The Incredible Odds: Why AI can Never Pick the Perfect Bracket

Spoiler alert:  If you filled out a NCAA Basketball bracket it is busted.  So is mine. 

A few years ago, Google’s Alpha Go and its AI machine learning protégé Alpha Go Zero did something incredible.  They won a complicated game called Go against a world champion in a tournament.  It was another milestone for the promise of AI after previously crushing the human spirit in other games like Jeopardy and world champion Chess.  One thing though that AI will never do is pick a perfect NCAA basketball bracket.

There is a lot of data in basketball.  Sports in general have a lot of numbers thanks in part to new data collection methods and the growing field of Sports Analytics.  Basic basketball statistics are quickly being enhanced with passive player tracking data such as Second Spectrum , Shot Tracker, and Noahlytics.  All of these systems can capture 70+ data elements using visual machine learning and enhanced AI systems.  In short, the data is a whole lot more than free throw percentages and old-school shot charts.  But can more data translate in to better win predictions?

Against All Odds

Picking a winning team might seem easy.  Line up the stats – shooting percentages, offensive and defensive efficiency – and like magic (or a Logistic Regression Model with LASSO), it is simple to see Gonzaga had a 95% probability to win their first game.  The same approach suggested Kentucky was an 85% favorite over Saint Peters, but as fans witnessed the numbers (both the model and Kentucky’s scoring) fell short of that prediction.

Excluding the ‘early four’ games introduced in 2011, there are 64 teams to play 63 games in the tournament.  When you can easily see all the team match ups on one sheet of paper it seems deceivingly simple.  How hard could it be to pick the right combination of a complete bracket?  It turns out it is amazingly difficult.

Some fans claim they have a ‘method’, a way with the numbers, or perhaps secret strategy to pick the winners.  Best players, best record, primary colors and even toughest mascot have all been tried.  Completing a bracket using the coin-toss method results in 2^63 or 9.2 quintillion possibilities.  Yikes!  Experts might be able to narrow down the odds of picking a perfect bracket to 1 in 120 billion.  These odds are so outrageous that Warren Buffet once offered to pay $1 billon to anyone who predicted a perfect bracket. 

The staggering odds however are not what limits AI and machine learning.  It is not the machine it is the people.

The Hope and Dreams of AI 
There is a lot of promise for AI and what it can do and those lofty expectation just might be unrealistic.  AI has been great at solving some very specific computational but it is terrible at being human – or more poignantly anticipating humans’ actions.  This is why AI CAN predict the weather tomorrow (and reasonably well over the next five days) but CANNOT predict the stock market value one-day in advance.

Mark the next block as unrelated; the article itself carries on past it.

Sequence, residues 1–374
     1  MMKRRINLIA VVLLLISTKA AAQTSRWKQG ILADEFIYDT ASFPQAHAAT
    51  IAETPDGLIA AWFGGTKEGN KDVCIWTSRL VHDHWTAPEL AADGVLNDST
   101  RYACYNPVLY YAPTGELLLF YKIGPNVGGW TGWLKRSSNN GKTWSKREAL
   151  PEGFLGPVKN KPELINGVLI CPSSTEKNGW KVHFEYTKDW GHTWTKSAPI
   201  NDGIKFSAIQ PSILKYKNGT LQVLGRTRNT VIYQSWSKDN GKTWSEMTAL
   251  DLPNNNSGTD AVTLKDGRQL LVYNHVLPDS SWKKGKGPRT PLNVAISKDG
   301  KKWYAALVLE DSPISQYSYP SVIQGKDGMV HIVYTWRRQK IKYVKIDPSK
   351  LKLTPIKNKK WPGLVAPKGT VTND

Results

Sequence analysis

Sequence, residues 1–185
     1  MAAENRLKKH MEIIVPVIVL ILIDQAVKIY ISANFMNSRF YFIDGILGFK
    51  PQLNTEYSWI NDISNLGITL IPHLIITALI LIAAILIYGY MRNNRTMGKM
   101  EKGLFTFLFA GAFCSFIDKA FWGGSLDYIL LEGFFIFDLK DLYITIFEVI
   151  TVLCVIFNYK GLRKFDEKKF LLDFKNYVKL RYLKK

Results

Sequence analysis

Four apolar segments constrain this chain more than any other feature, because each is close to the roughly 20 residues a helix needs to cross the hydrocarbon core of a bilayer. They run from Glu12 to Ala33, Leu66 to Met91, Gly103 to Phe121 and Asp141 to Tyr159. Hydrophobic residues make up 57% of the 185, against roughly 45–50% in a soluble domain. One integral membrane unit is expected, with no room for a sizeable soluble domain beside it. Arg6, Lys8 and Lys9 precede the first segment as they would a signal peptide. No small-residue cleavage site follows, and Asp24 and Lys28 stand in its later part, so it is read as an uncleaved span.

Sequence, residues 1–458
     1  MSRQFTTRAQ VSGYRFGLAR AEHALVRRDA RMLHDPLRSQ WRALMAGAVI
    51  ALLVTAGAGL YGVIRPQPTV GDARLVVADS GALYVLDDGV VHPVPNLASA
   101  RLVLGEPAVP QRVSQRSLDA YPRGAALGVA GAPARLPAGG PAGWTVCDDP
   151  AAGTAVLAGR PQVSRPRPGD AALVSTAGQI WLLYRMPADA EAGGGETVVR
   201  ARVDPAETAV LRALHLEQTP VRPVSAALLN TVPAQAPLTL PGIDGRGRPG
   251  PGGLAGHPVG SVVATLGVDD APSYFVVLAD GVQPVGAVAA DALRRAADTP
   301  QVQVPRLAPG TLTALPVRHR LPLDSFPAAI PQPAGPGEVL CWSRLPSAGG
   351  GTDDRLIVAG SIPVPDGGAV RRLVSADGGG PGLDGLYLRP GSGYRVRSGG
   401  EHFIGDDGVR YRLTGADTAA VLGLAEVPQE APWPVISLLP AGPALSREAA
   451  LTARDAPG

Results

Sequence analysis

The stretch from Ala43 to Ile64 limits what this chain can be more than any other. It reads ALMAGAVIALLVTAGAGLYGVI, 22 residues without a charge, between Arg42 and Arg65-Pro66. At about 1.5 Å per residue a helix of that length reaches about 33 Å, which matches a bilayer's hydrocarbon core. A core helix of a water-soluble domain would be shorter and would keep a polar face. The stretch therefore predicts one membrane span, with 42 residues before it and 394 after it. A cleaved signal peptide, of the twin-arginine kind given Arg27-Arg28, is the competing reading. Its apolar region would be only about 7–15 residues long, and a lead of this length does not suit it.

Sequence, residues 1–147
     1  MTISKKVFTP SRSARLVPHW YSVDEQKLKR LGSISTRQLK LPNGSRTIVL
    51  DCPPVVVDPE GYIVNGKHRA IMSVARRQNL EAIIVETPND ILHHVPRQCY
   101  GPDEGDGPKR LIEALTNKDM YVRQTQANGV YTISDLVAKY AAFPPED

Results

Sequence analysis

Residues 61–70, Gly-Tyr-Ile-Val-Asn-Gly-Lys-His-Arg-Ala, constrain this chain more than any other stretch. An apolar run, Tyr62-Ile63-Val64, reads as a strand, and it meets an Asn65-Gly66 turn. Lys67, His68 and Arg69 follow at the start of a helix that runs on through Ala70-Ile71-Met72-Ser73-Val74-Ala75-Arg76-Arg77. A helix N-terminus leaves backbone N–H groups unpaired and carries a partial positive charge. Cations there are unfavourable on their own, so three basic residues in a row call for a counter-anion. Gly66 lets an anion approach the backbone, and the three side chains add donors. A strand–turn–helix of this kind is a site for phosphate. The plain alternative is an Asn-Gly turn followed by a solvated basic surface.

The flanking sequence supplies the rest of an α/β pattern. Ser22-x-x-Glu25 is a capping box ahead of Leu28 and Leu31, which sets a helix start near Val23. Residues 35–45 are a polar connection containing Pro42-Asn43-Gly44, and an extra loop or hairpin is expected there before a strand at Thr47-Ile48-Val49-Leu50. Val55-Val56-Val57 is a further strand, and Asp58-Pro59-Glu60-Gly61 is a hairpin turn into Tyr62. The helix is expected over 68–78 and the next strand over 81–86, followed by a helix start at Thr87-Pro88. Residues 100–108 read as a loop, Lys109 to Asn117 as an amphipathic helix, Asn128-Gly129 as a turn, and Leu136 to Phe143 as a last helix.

Humans, yes, us non-rational beings often mess up a perfect algorithm

Humans, yes, us non-rational beings often mess up a perfect algorithm by doing something that ‘just feels right’, is ‘on a whim’ as a result of a ‘gut feeling’ or living a ‘YOLO’ moment.  People often compare the human brain to some sort of super-computer with logical programs and paths for how the data is connected from inputs to outputs.  There is some truth to this and it might explain why customer marketing and recommendation engines like Amazon uses, are generally successful.  These work because predicting the behavior – the likes and dislikes – of a large group of people is possible.  Predicting one specific person’s actions in a particular moment is much more difficult.  (You don’t buy everything Amazon suggests, right? Right?) 

The point is, data used to forecast sports (or any other activity involving influential human behavior) can only go so far.  Because well, Humans mess things up.


What is the best AI can do?  Be more human, which is to say it needs to understand moments of irrational behavior and more importantly inspirational behavior.  When an athlete can believe more in themselves than the data does.  When they rise up after falling down to win.  When they make the impossible shot.  When they do something beyond the numbers, so extraordinary, even the algorithm pauses to take notice.  AI and Machine Learning are incredible, but so are humans in all of their infallibility and grace, and at times the wonder of their unpredictably.  It is what makes watching the tournament exciting and although I use data to fill out my bracket, I am rarely disappointed when someone does something unexpected and the underdog wins…

My opinions are clearly my own.

BONUS: When AI tries to be more human…

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